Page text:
“Ally” cannot be a label that someone stamps onto you–or, god forbid, that you stamp on to yourself—so you can then go around claiming it as some kind of identity. It’s not an identity. It’s a practice. It’s an active thing that must be done over and over again, in the largest and smallest ways, every day.

—Mia McKenzie[1][2]

Spectrum of ally behaviour in an ideal movement.[3]

Ally is an umbrella term used by some to refer to people who (claim to) support oppressed and marginalised groups.



Much like a student in a formal setting, an ally is expected to be respectful, listen, and learn.

A good ally will behave in much the same way one behaves in a lecture or class. Activists who know more due to their inherent experience, e.g., oppression, are able to teach allies who are not oppressed, or not as oppressed, in that specific axis. For allies to help others, they must first learn what the lived experience is of oppressed people, how they interact with the world and how society at all levels treats them.

Appropriation of the "A"

Example of an ally erasing asexuality from the LGBTA acronym.[4]

Allies have been known to hijack the "A" in LGBTQA for themselves, taking it away from aromantic and asexual communities.[5][4] Different LGBTA groups often have varying opinions on the place of allies within their communities and the meaning(s) of "A" within their acronyms:

One side of the acronym discussion feels allies shouldn’t be included just because they support the community. Supporting the community doesn’t mean they are a part of that lifestyle.

For example, just because a person can support African American rights and issues, does not make that person a part of the African American community, Guenther said.

Guenther said the other side of the argument says allies should be considered part of the community because they, too, have faced stigma and oppression even though the stigma appears to be declining in the U.S.[6]


"Speak up but not over!" — 5 Tips For Being An Ally, by Chescaleigh[7]

The principal reason activists and generally oppressed people think allies are problematic is because of their behaviour. This behaviour seems to be directly correlated with the adoption of the label "ally" to describe oneself:

Allyship is not supposed to look like this, folks. It’s not supposed to be about you. It’s not supposed to be about your feelings. It’s not supposed to be a way of glorifying yourself at the expense of the folks you claim to be an ally to. It’s not supposed to be a performance. It’s supposed to be a way of living your life that doesn’t reinforce the same oppressive behaviors you’re claiming to be against. It’s supposed to be about you doing the following things:
  1. shutting up and listening
  2. educating yourself (you could start with the thousands of books and websites that already exist and are chock full of damn near everything anyone needs to know about most systems and practices of oppression)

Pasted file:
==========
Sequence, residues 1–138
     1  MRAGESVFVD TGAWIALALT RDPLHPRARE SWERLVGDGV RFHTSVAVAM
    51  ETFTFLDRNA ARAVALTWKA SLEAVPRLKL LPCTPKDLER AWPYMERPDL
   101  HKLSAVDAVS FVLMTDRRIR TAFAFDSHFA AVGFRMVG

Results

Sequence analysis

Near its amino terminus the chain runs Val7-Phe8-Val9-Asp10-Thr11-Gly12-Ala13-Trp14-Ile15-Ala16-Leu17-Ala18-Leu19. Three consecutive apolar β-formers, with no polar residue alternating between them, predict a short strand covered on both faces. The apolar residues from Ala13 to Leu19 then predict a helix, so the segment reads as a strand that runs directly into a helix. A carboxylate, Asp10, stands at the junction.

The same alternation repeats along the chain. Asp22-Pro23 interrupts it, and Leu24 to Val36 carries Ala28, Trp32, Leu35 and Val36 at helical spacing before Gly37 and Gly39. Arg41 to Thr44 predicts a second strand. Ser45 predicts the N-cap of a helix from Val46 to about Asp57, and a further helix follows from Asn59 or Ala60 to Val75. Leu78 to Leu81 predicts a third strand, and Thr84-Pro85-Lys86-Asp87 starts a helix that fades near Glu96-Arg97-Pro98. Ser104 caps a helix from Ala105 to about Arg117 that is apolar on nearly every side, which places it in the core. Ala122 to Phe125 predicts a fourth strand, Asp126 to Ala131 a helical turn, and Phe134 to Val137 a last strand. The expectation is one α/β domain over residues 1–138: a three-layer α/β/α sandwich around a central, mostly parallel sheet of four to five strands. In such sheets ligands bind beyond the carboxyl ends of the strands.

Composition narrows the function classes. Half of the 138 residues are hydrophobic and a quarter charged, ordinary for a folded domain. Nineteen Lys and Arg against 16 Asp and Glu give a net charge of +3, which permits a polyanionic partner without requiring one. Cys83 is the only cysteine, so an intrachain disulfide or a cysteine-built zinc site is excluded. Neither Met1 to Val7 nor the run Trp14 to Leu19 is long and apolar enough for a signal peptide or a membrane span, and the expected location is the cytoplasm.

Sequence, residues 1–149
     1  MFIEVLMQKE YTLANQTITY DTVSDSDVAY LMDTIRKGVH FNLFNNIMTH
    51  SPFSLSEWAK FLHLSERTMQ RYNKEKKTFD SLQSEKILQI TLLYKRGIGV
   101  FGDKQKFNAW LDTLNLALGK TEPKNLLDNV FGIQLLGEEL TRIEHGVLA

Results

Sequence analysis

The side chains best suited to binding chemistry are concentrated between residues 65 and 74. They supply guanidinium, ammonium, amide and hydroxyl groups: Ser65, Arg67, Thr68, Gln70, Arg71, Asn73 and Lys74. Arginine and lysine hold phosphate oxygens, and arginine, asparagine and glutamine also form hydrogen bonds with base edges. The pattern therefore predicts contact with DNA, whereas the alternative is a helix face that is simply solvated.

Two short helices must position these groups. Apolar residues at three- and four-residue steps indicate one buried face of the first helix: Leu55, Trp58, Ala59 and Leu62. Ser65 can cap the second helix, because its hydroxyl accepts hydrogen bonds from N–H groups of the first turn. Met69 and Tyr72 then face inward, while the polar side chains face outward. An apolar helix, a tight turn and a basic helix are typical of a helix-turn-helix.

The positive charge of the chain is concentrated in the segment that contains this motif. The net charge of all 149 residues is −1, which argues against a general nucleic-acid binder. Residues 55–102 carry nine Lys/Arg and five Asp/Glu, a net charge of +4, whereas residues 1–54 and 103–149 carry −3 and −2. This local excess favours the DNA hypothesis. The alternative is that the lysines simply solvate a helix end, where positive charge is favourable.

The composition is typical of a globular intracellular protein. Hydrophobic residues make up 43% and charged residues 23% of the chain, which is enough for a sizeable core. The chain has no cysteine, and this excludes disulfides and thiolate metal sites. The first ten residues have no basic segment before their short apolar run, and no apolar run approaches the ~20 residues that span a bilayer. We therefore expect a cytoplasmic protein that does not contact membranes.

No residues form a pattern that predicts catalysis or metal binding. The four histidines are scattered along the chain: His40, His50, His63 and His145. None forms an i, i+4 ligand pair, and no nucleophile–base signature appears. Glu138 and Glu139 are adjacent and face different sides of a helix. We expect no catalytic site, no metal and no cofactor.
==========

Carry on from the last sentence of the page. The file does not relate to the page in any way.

3. when it’s time to talk, not talking over the people you claim to be in solidarity with
  4. accepting feedback/criticism about how your “allyship” is causing more harm than good without whitesplaining/mansplaining/whateversplaining
  5. shutting up and listening some more
  6. supporting groups, projects, orgs, etc. run by and for marginalized people so our voices get to be the loudest on the issues that effect us
  7. not expecting marginalized people to provide emotional labor for you

This is by no means a comprehensive list. But most “allies” aren’t even getting these things right.

So, henceforth, I will no longer use the term “ally” to describe anyone. Instead, I’ll use the phrase “currently operating in solidarity with.”[1]


Another representation of the ally social barometer, from page 54 of In the Tiger's Mouth: An Empowerment Guide for Social Action, by Katrina Shields[8]

Many people start off being active or passive allies and then discover they are themselves oppressed along various axes. This is a common story within many genderqueer and non-binary communities: their members start off as allies of the LGBTQ+ community and eventually realise their own gender is not cis. This is in and of itself a product of cisnormative culture, which disallowed them from experiencing the diversity of trans and non-binary concepts, role models, and identities.

On the other hand, allies, especially role model allies, sometimes apologise after they have been told what they have done wrong. These allies must never be held to a lower standard than oppressed activists. If you are an ally yourself, you may need to work on burning your (ally) idols, especially when they end up being immune to all kinds of criticism. While correctly phrased and learned-from apologies are excellent as part of ally activism, promoting oppressed activists is more pertinent to a horizontal, pluralistic, and socially just movement.

See also

External links